Though some local Cambodians predicted Los Angeles Festival performances by the Cambodian Classical Dance Troupe could spark protests and possibly even violence, a peaceful and enthusiastically received Sunday preview performance in Long Beach suggests that Cambodians here will set aside political differences when the company begins its festival performances Thursday night at the Los Angeles State and County Arboretum.
At 8 p.m. Thursday, the troupe will officially launch the first cultural exchange between Cambodia and the United States since the Vietnam War when it offers the first of four performances of the sacred classical epic "The Ramayana."
Some Cambodian community leaders feared the visit could signal an endorsement of communist Cambodia's Vietnamese-backed Hun Sen regime. But if Sunday's packed performance at the Long Beach Terrace Theater was any indication, a good chunk of Long Beach's 40,000-strong Cambodian community, the largest outside Cambodia, was willing to let art rise above politics.
The $10-a-seat preview primarily for the local Cambodian community drew an audience of more than 2,700, about 90% capacity of the Terrace Theater. After the performance, which mixed classical pageantry with insolent folk dances, some audience members paid $25 to meet the dancers during a dinner reception at a local Chinese restaurant. For arboretum performances Thursday through Sunday, about half the tickets--1,500 ranging from $20 to $40--had been sold by press time.
Than Pok, executive director of the United Cambodian Community, who earlier said violence was a possibility and spoke out against granting visas to the company, has changed his mind and plans to attend Friday's performance.
"The change in U.S. policy (toward the Cambodian artists) has smoothed things out a lot," he said. "I think that statement was political in nature when I made it."
The 32-member company from the capital of Phnom Penh almost didn't make it to Los Angeles. Because the U.S. government does not recognize Cambodia or its Communist government, festival organizers fought with the State Department for months to obtain visas for the group, arguing that its appearance represented a cultural exchange, not a political one.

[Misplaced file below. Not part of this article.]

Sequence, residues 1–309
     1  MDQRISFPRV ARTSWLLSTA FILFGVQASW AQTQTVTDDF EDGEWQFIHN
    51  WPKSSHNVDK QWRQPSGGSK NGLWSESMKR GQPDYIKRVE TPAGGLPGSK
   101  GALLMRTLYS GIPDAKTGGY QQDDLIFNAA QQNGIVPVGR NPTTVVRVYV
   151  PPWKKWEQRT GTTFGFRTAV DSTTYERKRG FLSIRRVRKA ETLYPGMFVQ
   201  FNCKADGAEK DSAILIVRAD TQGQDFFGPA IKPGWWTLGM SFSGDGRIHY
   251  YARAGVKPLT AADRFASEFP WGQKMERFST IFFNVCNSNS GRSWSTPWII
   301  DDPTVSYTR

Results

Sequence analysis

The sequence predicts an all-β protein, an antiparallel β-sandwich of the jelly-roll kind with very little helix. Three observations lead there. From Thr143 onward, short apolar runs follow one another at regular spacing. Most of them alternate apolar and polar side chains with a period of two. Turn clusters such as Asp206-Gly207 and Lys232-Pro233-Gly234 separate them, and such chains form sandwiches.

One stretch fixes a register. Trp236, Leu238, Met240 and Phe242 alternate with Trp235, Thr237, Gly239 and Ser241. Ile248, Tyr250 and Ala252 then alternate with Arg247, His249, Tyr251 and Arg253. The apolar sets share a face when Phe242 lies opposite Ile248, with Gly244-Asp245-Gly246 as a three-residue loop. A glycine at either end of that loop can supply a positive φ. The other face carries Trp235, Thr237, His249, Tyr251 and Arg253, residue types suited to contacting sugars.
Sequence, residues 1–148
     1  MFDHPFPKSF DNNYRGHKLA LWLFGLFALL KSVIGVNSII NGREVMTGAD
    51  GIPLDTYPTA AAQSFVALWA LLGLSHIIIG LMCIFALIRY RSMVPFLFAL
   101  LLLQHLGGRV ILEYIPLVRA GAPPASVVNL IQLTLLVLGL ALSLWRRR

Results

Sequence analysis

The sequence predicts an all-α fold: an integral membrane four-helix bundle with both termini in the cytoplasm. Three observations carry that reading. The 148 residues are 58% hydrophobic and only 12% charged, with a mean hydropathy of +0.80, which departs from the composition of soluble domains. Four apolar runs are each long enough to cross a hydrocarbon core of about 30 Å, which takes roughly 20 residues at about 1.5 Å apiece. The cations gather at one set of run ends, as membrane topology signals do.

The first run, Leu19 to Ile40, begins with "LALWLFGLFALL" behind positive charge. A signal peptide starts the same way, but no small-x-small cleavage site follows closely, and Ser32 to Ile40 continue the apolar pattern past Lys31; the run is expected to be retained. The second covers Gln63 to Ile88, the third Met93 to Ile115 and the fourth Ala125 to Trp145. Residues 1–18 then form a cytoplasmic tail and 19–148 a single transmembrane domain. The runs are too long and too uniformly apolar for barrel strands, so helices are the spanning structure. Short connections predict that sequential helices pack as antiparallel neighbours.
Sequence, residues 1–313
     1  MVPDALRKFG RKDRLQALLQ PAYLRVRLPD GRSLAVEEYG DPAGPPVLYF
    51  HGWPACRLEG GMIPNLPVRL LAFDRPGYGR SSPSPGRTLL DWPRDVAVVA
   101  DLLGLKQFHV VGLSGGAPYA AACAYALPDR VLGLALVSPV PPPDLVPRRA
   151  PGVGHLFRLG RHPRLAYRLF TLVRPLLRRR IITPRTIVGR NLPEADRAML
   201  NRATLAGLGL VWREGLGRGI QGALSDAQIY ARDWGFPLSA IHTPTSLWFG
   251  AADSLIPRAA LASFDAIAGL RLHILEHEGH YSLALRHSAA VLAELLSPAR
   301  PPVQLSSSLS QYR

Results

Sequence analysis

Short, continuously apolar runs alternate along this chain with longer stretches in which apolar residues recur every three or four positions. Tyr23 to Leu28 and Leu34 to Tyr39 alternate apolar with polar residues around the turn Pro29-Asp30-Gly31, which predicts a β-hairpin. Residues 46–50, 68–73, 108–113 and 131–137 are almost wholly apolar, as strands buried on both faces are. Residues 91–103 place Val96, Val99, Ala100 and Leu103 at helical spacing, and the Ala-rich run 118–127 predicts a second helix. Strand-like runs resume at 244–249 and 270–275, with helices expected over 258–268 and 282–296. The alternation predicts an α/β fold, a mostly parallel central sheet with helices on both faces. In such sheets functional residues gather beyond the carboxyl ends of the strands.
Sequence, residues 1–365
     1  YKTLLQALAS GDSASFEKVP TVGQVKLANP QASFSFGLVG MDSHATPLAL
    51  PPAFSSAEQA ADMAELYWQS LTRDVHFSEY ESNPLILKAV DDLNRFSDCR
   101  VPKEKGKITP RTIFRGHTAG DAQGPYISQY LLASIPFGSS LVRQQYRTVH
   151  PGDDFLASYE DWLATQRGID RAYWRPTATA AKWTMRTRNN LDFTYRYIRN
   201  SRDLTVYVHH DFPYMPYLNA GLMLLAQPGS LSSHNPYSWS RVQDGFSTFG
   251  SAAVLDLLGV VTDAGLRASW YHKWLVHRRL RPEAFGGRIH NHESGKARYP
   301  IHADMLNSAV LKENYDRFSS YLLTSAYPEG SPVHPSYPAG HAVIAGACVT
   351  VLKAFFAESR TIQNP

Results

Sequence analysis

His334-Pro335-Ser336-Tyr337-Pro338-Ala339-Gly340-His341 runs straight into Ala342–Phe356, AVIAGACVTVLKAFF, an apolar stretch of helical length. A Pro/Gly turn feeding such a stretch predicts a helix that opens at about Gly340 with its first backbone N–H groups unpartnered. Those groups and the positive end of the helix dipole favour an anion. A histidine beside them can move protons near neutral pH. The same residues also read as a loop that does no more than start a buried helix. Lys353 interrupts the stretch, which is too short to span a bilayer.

It makes no difference that the governments of Cambodia and the United States do not recognize each other, artistic director Proeung Chhieng said through an interpreter Monday at UCLA's Artists Village, where company members are lodging.
"Art is a peace message which brings happiness, which brings well-being, which brings hope to all nations," he said. "Art is not (about) discrimination. Art is (about) the heritage of the whole human race."
The dance troupe faced extinction during the 1975-79 rule of the Khmer Rouge. Phnom Penh's University of Fine Arts and National Conservatory of Dance, like other arts groups, were deliberately destroyed; more than 90% of its teachers and performers were killed. Even now, many dancers, including Chhieng, are orphans or lost a parent because of the regime.
In 1980, the academy was reopened as the School of Fine Arts. Remaining artists began the painstaking reconstruction of the stories--which for the most part are danced by four types of characters: females, males, demons and monkeys. The traditions date back as far as AD 802.
Both a performer and a teacher, Chhieng, 42, specializes in training male dancers to perform the masked monkey dances, which involve comical tumbling, fighting and biting.